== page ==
Updating any information relevant to the migration and/or reproduction possibilities of salmon in rivers (e.g., changes in migration obstacles, restoration of river habitat, measures affecting water quality and/or flow regimes) is also needed.
Assessment requirements concerning monitoring at sea covers: fishing effort and catches (incl. discarding and estimates of unreporting), catch sampling from which the stock composition and the origin (wild/hatchery-reared) is analysed. These data are needed on fleet basis (offshore/coastal fishing by gear type). Also catch data on recreational fisheries at sea and in rivers is necessary and used in the salmon assessment.
Monitoring requirements concerning sea trout are very similar to those of salmon. However, the current trout assessment does not require as broad range of datasets as is required for salmon assessment. The datasets of highest priority are: parr densities and inventories of river habitat. Establishment of index rivers similar to salmon index rivers is highly recommended. This would enable supplementing of parr density information with counts of trout smolts and ascending spawners in a part of rivers. Catches, tag recaptures from fisheries, and information about fishing pressure and fishing pattern (gear and mesh sizes used) are also required for in-depth assessment of sea trout stocks.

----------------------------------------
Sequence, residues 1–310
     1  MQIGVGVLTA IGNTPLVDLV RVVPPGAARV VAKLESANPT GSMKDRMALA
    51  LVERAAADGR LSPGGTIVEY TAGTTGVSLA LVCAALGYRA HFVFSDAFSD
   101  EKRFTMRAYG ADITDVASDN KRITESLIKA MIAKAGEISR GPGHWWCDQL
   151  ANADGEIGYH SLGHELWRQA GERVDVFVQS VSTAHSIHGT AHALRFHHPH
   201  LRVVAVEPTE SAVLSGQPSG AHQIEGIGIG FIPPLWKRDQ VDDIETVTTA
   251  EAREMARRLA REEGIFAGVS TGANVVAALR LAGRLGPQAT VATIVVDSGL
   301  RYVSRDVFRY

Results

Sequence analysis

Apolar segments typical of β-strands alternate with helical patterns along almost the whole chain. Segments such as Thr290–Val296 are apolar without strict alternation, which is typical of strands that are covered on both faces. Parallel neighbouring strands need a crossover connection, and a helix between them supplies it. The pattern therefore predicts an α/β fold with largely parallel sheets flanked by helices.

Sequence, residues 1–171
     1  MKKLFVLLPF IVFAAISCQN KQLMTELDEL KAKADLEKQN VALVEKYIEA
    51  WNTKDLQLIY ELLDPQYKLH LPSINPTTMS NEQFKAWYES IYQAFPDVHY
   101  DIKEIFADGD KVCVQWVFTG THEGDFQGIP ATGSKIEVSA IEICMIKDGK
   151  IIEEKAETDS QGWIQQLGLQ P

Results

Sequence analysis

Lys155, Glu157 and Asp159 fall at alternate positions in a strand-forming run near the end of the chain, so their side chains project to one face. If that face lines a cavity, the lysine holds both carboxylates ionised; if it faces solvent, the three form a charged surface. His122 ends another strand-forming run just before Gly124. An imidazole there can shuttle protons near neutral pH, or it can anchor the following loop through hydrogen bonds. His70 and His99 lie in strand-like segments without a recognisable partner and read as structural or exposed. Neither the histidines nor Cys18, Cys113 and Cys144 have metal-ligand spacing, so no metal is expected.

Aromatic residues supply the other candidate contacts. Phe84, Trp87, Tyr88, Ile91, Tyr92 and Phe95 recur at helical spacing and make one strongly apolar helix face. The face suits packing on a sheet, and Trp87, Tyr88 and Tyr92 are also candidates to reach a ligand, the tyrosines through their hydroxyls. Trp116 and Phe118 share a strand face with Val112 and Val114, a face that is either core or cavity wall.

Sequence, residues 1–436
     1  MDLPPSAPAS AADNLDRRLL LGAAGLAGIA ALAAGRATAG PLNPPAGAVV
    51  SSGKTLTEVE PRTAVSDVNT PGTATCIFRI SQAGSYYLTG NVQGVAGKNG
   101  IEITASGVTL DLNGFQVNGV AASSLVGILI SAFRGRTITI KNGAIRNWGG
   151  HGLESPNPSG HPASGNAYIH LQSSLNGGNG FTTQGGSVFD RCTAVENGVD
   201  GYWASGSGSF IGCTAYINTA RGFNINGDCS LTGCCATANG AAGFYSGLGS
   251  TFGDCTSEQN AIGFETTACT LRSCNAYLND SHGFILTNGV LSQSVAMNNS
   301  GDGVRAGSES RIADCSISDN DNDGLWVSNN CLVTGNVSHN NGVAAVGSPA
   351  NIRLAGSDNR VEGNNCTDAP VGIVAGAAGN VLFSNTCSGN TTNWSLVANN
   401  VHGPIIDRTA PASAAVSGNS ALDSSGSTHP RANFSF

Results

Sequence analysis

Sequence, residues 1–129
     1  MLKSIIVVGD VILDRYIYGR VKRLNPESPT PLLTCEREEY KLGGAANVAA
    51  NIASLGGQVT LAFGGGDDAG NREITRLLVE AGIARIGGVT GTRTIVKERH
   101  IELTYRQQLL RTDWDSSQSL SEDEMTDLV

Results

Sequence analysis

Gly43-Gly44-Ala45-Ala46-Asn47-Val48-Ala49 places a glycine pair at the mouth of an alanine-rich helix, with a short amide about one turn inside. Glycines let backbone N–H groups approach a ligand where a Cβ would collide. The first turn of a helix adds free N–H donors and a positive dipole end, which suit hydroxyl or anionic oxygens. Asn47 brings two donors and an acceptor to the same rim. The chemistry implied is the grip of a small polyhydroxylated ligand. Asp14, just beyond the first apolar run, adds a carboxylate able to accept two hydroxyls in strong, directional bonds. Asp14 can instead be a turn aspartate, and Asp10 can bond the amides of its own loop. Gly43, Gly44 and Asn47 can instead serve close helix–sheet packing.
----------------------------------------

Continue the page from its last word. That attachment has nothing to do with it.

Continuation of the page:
There is no such thing as Baltic eel. Eel is pan-European, so the monitoring programmes must be European wide.
Adequacy for assessment of GES
Monitoring should provide adequate data and information to enable the periodic assessment of environmental status, and distance from and progress towards GES as required by MSFD under Article 9 and 11.
Assessment of natural variability
Quantitative and by expert opinion. Natural variation is quantified by analytical assessment tools (life cycle models for salmon and other statistical analyses methods for sea trout) and the results are complemented by expert opinions, trend analyses etc.
Provide location of data in national data centre: Modelled data available in the Finnish Game and Fisheries Research Institute.Provide location of data in international data centre (e.g. RSC, ICES, EEA, EMODnet): Catch sampling data of salmon available in the ICES Regional database.
Contact point to national monitoring programmes will be added
Stock assessment of Gulf of Finland Salmon
Stock assessment of salmon in Baltic main basin and Gulf of Bothnia
Monitoring of smolts and migrating adults: Annex of the
Study group on data requirements and assessment needs for Baltic Sea trout (SGBALANST)
Report of the Joint EIFAAC/ICES Working Group on Eels (WGEEL)
Electrofishing method manual: Bohlin T, S Hamrin, T G Heggberget, G Rasmussen & S Jakob Saltveit (1989) Electrofishing — Theory and practice with special emphasis on salmonids. Hydrobiologia 173: 9-43.